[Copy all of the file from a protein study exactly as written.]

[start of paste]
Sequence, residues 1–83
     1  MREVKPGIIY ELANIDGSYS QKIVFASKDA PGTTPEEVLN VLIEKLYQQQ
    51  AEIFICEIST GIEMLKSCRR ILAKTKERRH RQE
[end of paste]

Sequence, residues 1–83
     1  MREVKPGIIY ELANIDGSYS QKIVFASKDA PGTTPEEVLN VLIEKLYQQQ
    51  AEIFICEIST GIEMLKSCRR ILAKTKERRH RQE